20 Highest Historic Crests — Tittabawassee River at Midland
35.05, 05/20/2020 – This recent event.
I could find no reliable historical precipitation records for Central Michigan, though there is some observational evidence that the spring season has been wetter in recent years, but we can see that flood events are spread out over the decades, and happen every couple of years.
So – what is the real problem that resulted in this disaster for so many residents and businesses in the Midland area?
GREED: “The wrestling match among four communities in Michigan’s heavily flooded areas, state and federal officials, and Boyce [Boyce Hydro Power LLC] goes back several years. The company and the community have been trying to get the other to pay for improvements as far back as 2012.”
And self-interest: “When Boyce stopped generating power at the Edenville Dam, which is on the border of Midland and Gladwin counties, the company let the water level on Wixom Lake fall. Four area homeowners associations that had banded together to form the Four Lakes Task Force crafted a plan to have the two counties buy out Boyce and give oversight of the dams to the task force…. “People were upset because they couldn’t use the lake the way they wanted to,” said Stacy Trapani, a spokeswoman for Four Lakes.” [ link ]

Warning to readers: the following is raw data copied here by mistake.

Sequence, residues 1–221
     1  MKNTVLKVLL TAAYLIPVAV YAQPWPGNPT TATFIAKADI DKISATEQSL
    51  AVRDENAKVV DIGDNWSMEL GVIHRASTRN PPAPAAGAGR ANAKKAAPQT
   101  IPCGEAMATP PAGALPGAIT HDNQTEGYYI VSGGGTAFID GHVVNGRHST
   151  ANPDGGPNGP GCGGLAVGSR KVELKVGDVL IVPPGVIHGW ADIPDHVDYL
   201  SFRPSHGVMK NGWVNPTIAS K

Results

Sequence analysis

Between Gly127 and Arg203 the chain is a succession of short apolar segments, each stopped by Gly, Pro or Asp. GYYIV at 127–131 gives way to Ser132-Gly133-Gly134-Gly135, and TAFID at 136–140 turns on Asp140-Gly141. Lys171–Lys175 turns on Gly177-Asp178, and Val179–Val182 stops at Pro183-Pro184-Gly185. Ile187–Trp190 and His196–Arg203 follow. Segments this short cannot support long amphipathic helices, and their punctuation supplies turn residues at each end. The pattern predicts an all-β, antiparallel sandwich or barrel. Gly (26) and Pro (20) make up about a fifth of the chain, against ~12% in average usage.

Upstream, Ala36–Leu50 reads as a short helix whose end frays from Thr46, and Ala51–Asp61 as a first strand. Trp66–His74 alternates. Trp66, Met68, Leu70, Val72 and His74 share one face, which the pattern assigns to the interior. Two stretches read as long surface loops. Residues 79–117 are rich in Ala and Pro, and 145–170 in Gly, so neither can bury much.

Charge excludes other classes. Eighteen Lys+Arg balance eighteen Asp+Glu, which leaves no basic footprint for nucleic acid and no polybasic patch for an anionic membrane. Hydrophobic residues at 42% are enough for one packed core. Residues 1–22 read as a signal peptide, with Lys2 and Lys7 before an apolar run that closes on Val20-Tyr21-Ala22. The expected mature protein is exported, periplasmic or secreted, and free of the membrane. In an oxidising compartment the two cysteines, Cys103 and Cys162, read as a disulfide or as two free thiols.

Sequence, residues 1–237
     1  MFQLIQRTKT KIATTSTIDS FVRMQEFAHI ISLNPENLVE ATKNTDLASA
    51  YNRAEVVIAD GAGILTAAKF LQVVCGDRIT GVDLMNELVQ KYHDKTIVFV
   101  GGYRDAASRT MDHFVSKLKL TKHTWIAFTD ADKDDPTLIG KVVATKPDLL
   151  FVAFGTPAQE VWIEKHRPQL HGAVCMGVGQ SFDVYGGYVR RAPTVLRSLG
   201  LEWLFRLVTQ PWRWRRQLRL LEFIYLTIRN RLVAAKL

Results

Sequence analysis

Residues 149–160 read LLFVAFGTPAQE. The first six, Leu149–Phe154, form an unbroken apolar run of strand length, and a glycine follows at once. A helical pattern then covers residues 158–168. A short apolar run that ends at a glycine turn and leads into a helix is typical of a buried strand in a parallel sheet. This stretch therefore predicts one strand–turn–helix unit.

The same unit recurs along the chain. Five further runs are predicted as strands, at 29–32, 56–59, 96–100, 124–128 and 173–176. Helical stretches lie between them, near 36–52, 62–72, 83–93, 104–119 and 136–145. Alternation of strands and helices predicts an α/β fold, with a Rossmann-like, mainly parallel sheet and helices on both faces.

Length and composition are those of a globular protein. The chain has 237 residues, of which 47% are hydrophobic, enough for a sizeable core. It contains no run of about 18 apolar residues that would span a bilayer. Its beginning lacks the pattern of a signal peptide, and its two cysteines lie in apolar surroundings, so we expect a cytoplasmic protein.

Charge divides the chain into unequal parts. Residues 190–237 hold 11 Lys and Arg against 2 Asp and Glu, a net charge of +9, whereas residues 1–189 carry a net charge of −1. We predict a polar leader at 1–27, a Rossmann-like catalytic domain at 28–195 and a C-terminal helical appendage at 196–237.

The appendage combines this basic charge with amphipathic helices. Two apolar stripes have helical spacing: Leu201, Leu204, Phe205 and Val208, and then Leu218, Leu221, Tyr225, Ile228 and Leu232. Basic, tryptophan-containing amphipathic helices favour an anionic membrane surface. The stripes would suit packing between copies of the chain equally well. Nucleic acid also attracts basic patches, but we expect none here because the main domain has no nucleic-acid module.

In short, everyone – local, state, federal and corporate officials knew that the dam was unsafe and would not stand up to a major flood event. But no one wanted to pay for the needed upgrades to make it safe. Local residents were upset when the power company used the water in the lakes to make electricity as that caused the water levels to fluctuate and interfered with their recreational boating and marinas – thus they advocating for leaving the lakes full.
These two overlapping and competing interests caused a disaster – not the weather, not the climate, not climate change.
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And that’s the news for the day….
I have not mentioned the other factors that generally add to the flooding of America’s rivers – dredging, diking, narrowing of the stream bed and other human interference with Nature’s unavoidable need to let water flow downhill. You can bet there is a some of that on the Tittabawassee River as well.
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Credit: Source link